And this is just the beginning. Caroline Rutledge Armijo’s $350,000 national grant for “The Lilies Project”—an arts/park/history project for Walnut Cove—has indeed brought us to a bigger stage. Taking the toxic coal ash and transforming it into something beautiful to bless our town has grabbed the attention of the nation. And that’s just part of “The Lilies Project.”
It also honors Jester Hairston, the actor/songwriter born over near the Belews Creek Steam Station who wrote the song “Amen” used in the Academy Award-winning movie “Lilies of the Field.” This, in turn, brought a
New York City filmmaker to Walnut Cove this past weekend to film part of her new documentary “Tracing the Hairstons.”
As I sat in the Walnut Cove Library on Saturday for the kickoff of “The Lilies Project,” I heard Stokes County Arts Council Director Eddy McGee talk about Walnut Cove being in the national spotlight right now. I heard an environmental activist from out-of-town say that Walnut Cove was a model for the nation to learn from.
At part two of the kickoff on Sunday, I heard the NYC filmmaker say that Walnut Cove was the heart of the country’s largest family, the Hairston’s. At the MLK Day march and service on Monday, I saw black and white people marching through downtown Walnut Cove in unity, singing songs of victory. I saw them worship together as we reaffirmed Dr. King’s dream for unity, equality and justice through nonviolent means and love.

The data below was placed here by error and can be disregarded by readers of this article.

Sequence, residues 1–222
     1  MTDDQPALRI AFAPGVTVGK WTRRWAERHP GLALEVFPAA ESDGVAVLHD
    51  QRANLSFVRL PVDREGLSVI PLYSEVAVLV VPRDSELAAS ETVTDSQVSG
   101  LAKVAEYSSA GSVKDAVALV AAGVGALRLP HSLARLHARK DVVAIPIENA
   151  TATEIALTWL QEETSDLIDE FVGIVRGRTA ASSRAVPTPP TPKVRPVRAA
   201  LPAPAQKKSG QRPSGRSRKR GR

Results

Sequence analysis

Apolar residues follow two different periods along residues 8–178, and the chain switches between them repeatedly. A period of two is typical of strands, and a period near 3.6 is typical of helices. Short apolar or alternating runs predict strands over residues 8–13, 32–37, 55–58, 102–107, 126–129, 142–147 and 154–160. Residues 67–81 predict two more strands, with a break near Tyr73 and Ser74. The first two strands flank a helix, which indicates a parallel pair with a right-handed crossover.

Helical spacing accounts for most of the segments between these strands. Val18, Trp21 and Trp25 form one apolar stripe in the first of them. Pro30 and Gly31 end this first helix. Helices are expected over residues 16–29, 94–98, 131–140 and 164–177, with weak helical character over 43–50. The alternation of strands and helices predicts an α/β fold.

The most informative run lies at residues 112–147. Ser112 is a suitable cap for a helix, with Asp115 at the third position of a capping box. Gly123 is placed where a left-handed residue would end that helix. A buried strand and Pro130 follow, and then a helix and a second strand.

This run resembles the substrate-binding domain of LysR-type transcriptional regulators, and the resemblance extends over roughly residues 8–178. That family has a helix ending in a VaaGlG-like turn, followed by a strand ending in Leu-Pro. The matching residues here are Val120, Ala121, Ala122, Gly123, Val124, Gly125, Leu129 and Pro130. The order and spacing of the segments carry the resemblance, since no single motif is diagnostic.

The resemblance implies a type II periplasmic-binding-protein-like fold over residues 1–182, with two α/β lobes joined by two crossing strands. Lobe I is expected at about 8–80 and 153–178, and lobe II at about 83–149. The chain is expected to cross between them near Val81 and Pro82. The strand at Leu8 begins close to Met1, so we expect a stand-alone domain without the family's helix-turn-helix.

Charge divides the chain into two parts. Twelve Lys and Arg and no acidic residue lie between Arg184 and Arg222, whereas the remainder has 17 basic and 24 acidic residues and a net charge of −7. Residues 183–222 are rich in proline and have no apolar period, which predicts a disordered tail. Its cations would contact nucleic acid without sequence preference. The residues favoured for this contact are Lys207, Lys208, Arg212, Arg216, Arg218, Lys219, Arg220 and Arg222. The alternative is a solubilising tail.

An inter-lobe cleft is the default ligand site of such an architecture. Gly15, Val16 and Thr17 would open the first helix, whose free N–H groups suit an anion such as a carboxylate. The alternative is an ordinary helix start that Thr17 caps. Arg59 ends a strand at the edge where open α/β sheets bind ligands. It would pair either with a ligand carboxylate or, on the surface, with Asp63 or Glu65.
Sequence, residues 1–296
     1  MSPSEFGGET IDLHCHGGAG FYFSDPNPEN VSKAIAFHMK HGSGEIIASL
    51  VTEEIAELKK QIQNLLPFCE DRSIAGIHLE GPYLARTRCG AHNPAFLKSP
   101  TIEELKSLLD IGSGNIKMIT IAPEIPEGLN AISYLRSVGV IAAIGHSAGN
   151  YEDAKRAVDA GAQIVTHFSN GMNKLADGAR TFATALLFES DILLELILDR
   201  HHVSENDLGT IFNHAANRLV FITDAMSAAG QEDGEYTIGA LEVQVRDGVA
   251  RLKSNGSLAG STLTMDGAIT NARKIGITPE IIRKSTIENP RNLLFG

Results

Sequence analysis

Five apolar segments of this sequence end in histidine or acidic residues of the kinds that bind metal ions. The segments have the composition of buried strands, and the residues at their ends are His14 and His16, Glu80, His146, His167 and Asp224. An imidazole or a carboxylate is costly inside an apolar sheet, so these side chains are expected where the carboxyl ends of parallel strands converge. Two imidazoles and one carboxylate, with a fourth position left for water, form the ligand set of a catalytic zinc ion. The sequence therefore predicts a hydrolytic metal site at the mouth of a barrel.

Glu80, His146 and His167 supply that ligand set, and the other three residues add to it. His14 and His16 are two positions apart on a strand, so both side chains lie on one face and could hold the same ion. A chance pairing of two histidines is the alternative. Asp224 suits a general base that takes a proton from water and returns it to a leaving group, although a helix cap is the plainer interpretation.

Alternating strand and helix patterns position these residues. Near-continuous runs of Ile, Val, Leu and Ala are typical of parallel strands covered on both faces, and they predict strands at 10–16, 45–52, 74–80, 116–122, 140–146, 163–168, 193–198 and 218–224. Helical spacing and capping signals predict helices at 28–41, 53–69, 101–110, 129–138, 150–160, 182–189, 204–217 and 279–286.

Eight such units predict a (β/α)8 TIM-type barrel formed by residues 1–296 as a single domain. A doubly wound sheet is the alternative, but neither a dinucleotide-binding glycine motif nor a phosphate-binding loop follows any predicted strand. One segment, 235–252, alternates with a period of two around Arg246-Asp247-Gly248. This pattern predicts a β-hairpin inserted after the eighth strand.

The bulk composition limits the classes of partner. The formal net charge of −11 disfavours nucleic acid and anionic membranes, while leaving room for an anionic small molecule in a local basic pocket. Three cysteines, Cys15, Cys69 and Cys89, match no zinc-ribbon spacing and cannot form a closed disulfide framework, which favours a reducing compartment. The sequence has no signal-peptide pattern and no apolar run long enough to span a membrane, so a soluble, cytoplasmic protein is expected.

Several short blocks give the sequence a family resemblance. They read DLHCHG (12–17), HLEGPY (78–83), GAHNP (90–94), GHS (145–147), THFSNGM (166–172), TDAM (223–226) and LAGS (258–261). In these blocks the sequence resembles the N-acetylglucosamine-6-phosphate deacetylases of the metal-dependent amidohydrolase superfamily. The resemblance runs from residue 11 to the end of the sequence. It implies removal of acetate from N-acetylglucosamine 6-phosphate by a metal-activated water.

Then I heard a minister there say that Walnut Cove would be a model for the nation, and I shouted, “Amen!” I believe the spiritual must be the first concern: What is won in the spiritual realm through prayer will manifest in the physical realm through positive change. And this positive change comes when people work together in love and turn loose of greed, hatred and self.
I am excited to see what all is on the horizon for Walnut Cove and indeed all of Stokes County as we are all so interconnected. Dear readers, trust me when I tell you, “This is bigger than you think.”
Leslie Bray Brewer can be emailed at firstname.lastname@example.org. Her blog is at http://timesofrefreshingontheoldpaths.wordpress.com.